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ESG and SRI are two acronyms used for ethical investing. Thanks to the recent surge in ethical investing the Belgian bank NewB found enough investors to get all the funds to receive a banking license. This makes them the first bank focusing mainly on ethical investing and banking. What started as an idea in the aftermath of the financial crisis to change banking forever, much as the crisis did, is now a bank with a license. Ethical investing is taking off!
But it’s not only banks that are trying to become more “ethical”, the range of trackers that receive the label ‘ethical’ or ‘sustainable’ is increasing, but the difference with normal trackers is not always large. It is these trackers that I want to tackle as it’s what most of us trying to achieve FIRE, look at. An overview.
What is 'ethical' investing?
As global warming becomes more and more obvious, the interest in green, sustainable, ethical investments is increasing. But what is ethical investing?
Investing in a sustainable, ethical, or green approach means looking for double profit: financial for the investor and progress for society. By investing in companies or projects that pay attention to the environment, social policy, and good governance, these companies are rewarded and encouraged to continue in that direction.
That’s the theory, but in practice, a single definition is difficult to provide. What one considers ethical, might not be for the other. This is not helped by the lack of clear rules and regulations in this area. Marketers make smart use of terms such as ‘responsible’, ‘ethical’, ‘ESG’ (Environmental, Social and Governance), ‘impact’.
Usually, they are used as buzz words to draw your attention away from the facts. It’s important to check the investment policy of a particular fund before you buy it to make sure they are genuine. Don’t just rely on the name of the tracker/fund. Besides, traditional funds are also become more ethical, for example, by excluding gun producers.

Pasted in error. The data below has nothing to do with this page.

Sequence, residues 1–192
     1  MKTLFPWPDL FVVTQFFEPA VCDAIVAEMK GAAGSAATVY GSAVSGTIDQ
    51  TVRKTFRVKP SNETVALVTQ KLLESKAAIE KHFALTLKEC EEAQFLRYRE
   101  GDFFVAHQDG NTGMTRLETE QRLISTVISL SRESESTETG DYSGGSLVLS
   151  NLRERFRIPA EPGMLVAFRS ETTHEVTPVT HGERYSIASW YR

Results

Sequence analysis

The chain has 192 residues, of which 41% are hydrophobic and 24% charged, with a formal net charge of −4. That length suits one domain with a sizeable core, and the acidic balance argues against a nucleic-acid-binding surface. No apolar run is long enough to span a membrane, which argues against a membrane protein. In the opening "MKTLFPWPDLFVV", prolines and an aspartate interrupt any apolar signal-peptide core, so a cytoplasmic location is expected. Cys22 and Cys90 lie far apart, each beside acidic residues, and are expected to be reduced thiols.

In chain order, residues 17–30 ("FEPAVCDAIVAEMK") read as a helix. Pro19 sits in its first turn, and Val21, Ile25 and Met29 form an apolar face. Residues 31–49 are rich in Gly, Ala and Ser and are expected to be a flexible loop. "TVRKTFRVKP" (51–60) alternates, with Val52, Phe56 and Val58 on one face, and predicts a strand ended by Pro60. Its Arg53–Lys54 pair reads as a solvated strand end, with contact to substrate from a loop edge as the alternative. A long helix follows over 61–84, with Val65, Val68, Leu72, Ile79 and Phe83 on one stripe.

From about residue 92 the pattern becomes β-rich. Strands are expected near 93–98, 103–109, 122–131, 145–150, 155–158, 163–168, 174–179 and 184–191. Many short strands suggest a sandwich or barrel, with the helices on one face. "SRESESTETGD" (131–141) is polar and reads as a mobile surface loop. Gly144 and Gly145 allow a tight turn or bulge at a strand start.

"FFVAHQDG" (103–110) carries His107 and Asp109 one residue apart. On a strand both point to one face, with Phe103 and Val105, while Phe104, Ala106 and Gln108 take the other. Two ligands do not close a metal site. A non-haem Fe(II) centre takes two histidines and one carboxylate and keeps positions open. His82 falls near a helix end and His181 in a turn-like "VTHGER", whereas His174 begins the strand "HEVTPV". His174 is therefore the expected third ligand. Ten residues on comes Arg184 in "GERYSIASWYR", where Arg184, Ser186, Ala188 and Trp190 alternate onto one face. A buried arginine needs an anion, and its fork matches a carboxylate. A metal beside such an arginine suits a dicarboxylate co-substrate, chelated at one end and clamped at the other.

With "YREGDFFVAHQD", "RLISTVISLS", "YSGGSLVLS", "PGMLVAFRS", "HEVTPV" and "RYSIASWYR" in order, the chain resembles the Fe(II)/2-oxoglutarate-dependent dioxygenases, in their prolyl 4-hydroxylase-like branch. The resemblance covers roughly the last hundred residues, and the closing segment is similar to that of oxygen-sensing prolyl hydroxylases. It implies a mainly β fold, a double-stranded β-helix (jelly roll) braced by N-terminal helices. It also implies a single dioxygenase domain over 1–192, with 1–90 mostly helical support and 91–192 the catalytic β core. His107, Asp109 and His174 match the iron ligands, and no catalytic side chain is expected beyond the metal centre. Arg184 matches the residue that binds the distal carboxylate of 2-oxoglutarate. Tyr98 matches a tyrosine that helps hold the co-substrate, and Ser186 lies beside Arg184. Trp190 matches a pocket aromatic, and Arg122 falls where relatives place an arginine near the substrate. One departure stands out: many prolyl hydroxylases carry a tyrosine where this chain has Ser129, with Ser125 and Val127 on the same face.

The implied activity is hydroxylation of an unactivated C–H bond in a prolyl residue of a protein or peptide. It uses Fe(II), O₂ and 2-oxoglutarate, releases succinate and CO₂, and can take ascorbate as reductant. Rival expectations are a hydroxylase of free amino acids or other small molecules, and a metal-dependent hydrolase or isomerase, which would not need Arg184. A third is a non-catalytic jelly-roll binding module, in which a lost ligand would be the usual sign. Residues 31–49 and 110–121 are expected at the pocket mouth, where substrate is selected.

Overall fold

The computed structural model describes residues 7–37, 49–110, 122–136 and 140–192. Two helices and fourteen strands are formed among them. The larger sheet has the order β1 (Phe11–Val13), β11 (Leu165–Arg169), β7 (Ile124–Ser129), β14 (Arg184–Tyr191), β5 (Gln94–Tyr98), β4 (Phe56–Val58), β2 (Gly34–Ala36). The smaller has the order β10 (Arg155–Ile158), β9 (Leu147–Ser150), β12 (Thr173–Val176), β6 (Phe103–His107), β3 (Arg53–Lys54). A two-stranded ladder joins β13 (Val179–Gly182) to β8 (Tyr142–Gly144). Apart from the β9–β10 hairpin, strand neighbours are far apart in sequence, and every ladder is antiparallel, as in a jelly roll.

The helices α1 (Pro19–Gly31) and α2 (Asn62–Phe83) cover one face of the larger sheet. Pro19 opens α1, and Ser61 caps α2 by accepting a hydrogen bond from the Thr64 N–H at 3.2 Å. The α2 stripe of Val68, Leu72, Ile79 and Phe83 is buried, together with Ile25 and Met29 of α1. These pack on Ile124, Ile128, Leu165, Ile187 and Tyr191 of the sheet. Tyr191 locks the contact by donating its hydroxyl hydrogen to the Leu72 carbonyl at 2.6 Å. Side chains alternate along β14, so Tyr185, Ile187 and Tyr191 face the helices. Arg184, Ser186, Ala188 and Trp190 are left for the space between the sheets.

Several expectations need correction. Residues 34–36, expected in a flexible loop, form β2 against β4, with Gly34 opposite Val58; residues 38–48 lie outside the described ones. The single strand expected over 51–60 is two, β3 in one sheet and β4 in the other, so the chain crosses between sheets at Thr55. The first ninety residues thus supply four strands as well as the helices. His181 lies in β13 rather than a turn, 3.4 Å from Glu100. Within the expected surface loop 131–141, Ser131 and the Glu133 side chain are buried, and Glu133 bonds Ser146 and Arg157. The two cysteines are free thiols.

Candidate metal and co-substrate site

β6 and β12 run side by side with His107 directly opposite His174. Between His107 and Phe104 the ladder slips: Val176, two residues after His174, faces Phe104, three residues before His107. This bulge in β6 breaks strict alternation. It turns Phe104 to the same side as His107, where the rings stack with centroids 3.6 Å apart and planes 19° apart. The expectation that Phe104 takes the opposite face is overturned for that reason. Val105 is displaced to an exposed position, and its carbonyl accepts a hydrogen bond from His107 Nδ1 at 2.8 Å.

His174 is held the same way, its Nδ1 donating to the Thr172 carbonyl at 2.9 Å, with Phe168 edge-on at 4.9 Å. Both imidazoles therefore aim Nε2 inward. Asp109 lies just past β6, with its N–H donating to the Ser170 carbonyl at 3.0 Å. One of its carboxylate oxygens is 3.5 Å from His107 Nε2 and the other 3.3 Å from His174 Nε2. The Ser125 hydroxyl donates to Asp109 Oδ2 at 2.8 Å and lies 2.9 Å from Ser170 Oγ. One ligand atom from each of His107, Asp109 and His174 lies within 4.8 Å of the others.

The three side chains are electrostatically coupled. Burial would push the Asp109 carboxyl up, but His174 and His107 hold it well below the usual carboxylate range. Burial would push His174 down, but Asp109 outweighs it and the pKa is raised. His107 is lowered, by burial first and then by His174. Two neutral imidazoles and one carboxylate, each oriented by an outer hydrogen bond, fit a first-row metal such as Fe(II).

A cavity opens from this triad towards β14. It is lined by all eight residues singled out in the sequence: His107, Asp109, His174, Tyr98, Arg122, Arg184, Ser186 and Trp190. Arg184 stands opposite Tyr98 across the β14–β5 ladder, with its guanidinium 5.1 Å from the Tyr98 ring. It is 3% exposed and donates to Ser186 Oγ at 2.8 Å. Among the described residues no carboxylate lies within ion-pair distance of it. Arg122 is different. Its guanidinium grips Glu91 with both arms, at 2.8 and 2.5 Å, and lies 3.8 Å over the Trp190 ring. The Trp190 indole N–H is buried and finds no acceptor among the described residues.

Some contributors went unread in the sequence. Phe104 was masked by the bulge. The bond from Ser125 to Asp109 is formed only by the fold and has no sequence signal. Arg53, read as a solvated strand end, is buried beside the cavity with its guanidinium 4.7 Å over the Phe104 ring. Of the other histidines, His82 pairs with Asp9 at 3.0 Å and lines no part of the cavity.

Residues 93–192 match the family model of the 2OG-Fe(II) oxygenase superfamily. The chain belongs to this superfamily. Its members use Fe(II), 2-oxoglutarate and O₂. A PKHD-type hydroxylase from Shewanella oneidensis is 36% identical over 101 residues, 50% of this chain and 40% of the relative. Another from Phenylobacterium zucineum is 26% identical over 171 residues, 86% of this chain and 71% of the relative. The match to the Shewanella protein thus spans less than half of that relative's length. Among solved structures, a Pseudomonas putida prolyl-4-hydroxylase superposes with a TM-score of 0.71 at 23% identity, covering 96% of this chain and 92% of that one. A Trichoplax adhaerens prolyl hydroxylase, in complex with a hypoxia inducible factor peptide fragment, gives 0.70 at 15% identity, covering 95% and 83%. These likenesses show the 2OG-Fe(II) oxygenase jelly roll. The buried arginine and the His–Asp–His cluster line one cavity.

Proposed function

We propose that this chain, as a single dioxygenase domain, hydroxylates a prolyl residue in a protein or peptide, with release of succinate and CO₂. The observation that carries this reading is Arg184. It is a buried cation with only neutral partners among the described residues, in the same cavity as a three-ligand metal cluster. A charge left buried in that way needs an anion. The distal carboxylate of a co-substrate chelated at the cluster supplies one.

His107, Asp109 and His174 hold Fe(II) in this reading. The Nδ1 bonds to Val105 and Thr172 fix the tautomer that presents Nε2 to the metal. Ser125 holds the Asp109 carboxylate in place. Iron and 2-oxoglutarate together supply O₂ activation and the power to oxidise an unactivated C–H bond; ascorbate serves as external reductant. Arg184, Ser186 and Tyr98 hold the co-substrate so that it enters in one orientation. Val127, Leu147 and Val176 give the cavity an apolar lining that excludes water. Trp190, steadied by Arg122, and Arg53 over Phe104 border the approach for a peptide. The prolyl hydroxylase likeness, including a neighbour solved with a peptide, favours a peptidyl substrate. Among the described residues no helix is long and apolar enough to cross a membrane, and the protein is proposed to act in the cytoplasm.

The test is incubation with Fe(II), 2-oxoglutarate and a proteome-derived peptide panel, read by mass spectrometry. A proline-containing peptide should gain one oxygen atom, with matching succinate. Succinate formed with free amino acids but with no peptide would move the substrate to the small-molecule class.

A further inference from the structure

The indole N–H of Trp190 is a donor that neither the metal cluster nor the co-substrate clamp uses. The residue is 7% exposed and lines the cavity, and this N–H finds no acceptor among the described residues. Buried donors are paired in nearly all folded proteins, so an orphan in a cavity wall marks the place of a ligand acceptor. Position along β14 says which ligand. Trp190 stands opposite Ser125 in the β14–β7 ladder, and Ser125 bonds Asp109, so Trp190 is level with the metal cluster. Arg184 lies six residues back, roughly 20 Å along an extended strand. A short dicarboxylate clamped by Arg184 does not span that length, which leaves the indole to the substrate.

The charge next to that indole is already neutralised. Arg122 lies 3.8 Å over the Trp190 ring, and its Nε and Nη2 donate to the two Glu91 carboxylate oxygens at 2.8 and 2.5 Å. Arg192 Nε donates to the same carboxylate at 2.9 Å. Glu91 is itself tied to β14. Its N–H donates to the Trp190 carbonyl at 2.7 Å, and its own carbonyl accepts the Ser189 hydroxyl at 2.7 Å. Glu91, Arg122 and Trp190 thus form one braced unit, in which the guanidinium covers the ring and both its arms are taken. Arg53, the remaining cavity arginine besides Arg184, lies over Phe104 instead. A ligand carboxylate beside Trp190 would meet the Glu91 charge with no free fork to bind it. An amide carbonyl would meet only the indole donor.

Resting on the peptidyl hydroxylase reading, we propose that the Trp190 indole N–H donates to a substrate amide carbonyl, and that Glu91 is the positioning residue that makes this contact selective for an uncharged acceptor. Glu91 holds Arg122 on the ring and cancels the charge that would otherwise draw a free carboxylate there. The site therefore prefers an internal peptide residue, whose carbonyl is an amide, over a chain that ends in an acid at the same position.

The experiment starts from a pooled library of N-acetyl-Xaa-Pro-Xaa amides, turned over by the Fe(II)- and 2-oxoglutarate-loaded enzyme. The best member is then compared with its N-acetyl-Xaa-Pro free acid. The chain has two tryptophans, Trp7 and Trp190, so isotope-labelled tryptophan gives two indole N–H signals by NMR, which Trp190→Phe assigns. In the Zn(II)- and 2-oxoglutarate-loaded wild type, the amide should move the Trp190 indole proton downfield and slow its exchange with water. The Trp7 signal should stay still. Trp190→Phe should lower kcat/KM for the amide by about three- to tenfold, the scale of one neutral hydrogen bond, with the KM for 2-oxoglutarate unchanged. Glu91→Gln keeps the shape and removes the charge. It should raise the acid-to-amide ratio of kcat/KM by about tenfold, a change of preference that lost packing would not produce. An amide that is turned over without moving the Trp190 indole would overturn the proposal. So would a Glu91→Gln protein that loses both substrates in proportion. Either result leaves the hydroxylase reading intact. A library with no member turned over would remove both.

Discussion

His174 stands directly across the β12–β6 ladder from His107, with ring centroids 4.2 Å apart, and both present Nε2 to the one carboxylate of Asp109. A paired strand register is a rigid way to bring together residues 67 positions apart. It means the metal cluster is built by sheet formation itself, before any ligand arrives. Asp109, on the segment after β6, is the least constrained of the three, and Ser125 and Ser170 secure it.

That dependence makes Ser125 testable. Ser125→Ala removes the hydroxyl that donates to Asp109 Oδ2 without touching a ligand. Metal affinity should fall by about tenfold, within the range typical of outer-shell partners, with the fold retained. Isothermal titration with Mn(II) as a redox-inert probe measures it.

Ethical vs. 'ethical'
Your conscience may be soothed if your bank adviser tells you that your money does not flow to weapons, hookers, or gambling. But have you ever considered the question which fund your adviser offers to the next customer? Perhaps an investment product in which the sustainability criteria do not count at all. What is the impact of your individual choice? Where do you draw the line?
Some, like Geert Noels, founder of Econopolis (Cleeren, 2018), argue that you should only work with true ethical banks (think NewB) and that banks should make their complete offering ethical and sustainable. Only if you go full force into sustainable investments can you create a lever with which you can have an impact.
Others are less strict for one simple reason. The largest providers of sustainable socially responsible investing (SRI) products in Belgium are precisely the large banks, which offer “regular investments” as well as “regular investments”. If investors dropped out there, 80 percent of the sustainable investment in our country would disappear. (Cleeren, 2018)
How can you invest ethically?
The most traditional way of sustainable investment is to exclude harmful or unwanted activities (fossil fuels, child labor …). The more modern approach to sustainable investing happens through the screening of companies on their environmental impact, their social behavior, and whether they manage well and transparently (the ‘ESG’ criteria, see the clarification below). funds and banks screen funds per sector on these criteria, which also makes it possible to invest in companies that do their best with difficult activities such as chemicals or industry. This “best in class” approach has the advantage that a large diversification of the portfolio remains possible.